One of the simplest ways to break down decision making is with checklists. All big jobs can be broken down into smaller steps, and identifying these smaller steps clarifies our thinking. We’ve all made checklists before, but we rarely consider their full potential and explore best practices.

In The Checklist Manifesto: How to Get Things Right, Atul Gawande describes a meeting he had with Daniel Boorman, who was the technical lead during the creation of Boeing’s 747-400+ and 787 checklists.

There are good checklists and bad, Boorman explained. Bad checklists are vague and imprecise. They are too long; they are hard to use; they are impractical. They are made by desk jockeys with no awareness of the situations in which they are to be deployed. They treat the people using the tools as dumb and try to spell out every single step. They turn people’s brains off rather than turn them on.

Good checklists, on the other hand, are precise. They are efficient, to the point, and easy to use even in the most difficult situations. They do not try to spell out everything—a checklist cannot fly a plane. Instead, they provide reminders of only the most critical and important steps—the ones that even the highly skilled professionals using them could miss. Good checklists are, above all, practical.1

Checklists are great for any repetitive or complicated tasks, but they are also ideal for any situation with distinct decision points or subsets of other tasks. They don’t have to be only for mindless or simple jobs either. Aviation checklists are built for normal and emergency procedures. In both cases, pieces of each checklist are done as required or during different phases of flight. With some forethought, a lot of our normal and emergency tasks in daily life can be planned for and captured on paper or as bits. As I discussed yesterday, it’s best to do your thinking in the right emotional state.

I’ve often put aside a checklist because it seemed to only be getting in my way, but upon reflection, it was always the case that my list just wasn’t very good. There are a few other features of aviation checklists that ought to shape our own creation process.

When you’re making a checklist, Boorman explained, you have a number of key decisions. You must define a clear pause point at which the checklist is supposed to be used (unless the moment is obvious, like when a warning light goes on or an engine fails). You must decide whether you want a DO-CONFIRM checklist or a READ-DO checklist. With a DO-CONFIRM checklist, he said, team members perform their jobs from memory and experience, often separately. But then they stop. They pause to run the checklist and confirm that everything that was supposed to be done was done. With a READ-DO checklist, on the other hand, people carry out the tasks as they check them off—it’s more like a recipe. So for any new checklist created from scratch, you have to pick the type that makes the most sense for the situation. 2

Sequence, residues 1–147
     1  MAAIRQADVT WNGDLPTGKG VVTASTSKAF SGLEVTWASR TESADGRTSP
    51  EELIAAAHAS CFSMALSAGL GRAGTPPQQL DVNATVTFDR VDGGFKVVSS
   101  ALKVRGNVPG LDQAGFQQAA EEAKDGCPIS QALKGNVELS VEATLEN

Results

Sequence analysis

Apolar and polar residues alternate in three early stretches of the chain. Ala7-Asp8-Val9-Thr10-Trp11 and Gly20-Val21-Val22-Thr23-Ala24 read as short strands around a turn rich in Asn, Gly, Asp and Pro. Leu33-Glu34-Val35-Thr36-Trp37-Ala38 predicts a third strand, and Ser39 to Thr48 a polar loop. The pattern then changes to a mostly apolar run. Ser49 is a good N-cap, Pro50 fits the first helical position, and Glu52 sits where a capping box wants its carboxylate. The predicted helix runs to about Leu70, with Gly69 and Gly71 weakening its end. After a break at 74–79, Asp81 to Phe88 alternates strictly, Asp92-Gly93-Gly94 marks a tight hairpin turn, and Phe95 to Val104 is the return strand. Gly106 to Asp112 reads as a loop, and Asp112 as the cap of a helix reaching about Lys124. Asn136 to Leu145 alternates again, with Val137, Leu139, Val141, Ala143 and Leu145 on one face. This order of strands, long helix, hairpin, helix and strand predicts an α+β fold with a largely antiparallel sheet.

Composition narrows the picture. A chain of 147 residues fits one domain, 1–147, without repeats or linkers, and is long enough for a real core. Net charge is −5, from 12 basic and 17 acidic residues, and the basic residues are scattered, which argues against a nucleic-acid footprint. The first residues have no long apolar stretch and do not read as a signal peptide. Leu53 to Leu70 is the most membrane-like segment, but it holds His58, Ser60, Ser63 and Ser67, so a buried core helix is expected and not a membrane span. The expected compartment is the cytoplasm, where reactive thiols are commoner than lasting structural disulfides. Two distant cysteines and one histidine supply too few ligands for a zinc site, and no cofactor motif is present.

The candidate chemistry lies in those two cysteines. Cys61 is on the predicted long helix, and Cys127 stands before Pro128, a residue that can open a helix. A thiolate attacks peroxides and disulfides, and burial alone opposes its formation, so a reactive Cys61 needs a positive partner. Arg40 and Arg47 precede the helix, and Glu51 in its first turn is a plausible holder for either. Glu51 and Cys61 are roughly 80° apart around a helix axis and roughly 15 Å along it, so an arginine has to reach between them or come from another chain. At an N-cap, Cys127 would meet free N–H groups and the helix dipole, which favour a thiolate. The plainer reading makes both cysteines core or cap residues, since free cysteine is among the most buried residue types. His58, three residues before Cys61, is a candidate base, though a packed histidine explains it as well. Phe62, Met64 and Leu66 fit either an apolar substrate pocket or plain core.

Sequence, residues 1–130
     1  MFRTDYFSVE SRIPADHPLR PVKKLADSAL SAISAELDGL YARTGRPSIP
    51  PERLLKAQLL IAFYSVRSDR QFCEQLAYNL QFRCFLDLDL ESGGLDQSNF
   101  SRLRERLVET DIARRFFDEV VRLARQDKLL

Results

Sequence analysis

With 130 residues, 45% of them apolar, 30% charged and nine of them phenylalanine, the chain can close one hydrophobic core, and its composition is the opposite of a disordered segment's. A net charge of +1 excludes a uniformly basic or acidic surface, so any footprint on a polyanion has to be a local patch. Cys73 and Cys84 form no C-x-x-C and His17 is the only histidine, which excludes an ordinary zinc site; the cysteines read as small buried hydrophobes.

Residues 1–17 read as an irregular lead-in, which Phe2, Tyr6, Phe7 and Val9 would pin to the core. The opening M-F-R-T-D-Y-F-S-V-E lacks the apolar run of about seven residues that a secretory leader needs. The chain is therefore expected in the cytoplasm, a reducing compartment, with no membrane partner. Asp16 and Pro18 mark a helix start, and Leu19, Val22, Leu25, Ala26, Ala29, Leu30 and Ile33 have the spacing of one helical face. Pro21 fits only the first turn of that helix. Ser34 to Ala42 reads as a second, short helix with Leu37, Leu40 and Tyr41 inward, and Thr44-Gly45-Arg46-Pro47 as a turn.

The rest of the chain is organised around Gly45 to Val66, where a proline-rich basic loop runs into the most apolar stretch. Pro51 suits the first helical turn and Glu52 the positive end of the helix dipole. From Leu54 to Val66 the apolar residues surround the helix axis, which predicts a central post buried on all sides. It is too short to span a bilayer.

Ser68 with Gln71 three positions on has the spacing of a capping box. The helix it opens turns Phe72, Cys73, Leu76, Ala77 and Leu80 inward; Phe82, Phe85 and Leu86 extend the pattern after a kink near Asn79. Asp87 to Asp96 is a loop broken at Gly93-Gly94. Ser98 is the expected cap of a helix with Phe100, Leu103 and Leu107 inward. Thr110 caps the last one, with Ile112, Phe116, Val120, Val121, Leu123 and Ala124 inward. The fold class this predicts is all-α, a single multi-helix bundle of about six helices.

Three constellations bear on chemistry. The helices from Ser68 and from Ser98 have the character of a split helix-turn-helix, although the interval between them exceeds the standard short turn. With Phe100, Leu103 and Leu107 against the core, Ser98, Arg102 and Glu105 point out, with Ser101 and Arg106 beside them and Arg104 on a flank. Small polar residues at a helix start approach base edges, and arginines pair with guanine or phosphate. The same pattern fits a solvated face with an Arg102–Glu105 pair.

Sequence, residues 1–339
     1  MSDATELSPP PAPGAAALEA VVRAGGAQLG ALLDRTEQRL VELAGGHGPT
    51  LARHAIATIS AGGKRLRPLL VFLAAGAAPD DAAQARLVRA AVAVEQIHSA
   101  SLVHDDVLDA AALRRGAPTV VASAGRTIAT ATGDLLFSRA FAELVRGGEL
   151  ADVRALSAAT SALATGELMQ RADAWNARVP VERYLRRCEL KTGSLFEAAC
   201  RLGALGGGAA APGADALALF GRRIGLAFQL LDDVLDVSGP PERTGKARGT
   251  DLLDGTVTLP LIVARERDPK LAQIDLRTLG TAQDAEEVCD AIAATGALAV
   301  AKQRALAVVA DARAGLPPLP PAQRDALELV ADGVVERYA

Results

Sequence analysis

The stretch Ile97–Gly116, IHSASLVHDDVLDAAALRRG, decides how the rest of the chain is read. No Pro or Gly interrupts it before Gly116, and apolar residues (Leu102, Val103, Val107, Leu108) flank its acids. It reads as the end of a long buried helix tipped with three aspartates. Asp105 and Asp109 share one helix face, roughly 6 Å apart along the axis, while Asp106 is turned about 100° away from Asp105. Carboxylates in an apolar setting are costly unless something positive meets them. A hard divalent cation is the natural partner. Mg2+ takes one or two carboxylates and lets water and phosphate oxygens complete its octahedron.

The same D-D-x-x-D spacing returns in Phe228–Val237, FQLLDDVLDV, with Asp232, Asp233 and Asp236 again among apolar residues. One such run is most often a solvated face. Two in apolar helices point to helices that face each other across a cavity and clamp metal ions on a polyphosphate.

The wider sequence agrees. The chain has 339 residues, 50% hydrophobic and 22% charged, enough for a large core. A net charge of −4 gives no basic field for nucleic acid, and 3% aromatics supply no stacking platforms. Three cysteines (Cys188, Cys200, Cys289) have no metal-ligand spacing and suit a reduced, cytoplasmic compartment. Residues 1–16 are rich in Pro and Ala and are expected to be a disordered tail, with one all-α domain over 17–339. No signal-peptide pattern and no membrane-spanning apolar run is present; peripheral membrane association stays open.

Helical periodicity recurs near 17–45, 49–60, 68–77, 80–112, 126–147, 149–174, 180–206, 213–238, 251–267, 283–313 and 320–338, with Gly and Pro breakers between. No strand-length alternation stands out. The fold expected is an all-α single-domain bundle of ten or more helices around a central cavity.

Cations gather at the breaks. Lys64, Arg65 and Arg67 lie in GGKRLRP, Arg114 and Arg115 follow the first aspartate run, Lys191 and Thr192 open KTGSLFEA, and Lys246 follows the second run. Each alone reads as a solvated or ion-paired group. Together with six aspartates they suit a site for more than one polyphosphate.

Many jobs are only made more tedious by having to tick a box off after each task is complete. Sometimes it’s better to do the work and and then check for completeness. It’s also very useful to have a checklist that can be paused or picked up at logical breakpoint to ensure a complicated job is done correctly. These breakpoints also take one long, unwieldy list and makes it much easier to use.

The checklist cannot be lengthy. A rule of thumb some use is to keep it to between five and nine items, which is the limit of working memory. Boorman didn’t think one had to be religious on this point.

“It all depends on the context,” he said. “In some situations you have only twenty seconds. In others, you may have several minutes.”3

I think this is a great rule of thumb. When I am stressed, I break out a notepad or index card and start writing. If this list expands beyond nine items, I take the time to edit it into smaller logical groups. This process makes any list seem less daunting.

One practical example is packing for a trip. Long ago, Seth Brown revolutionized the way I pack with this one post. Ever since I read it, I began filling my main bag with smaller bags and packing cubes. These are logical units into which I put like items, simplifying my packing list into many shorter lists. I complete these shorter lists whenever it makes sense, setting aside individual packed bags until it’s time to head out the door. This has greatly reduced my travel stress.

While I think checklists are the key to many good decisions, sometimes knowing what items should be on the list is the problem. In this case, we need a more freeform process that is still orderly enough to handle our internal and external challengers. That’s what we’ll look at tomorrow.

  1. Gawande, Atul. The Checklist Manifesto: How to Get Things Right. New York: Henry Holt, 2010. Kindle link↩︎

  2. Gawande, Kindle link↩︎

  3. Gawande, Kindle link↩︎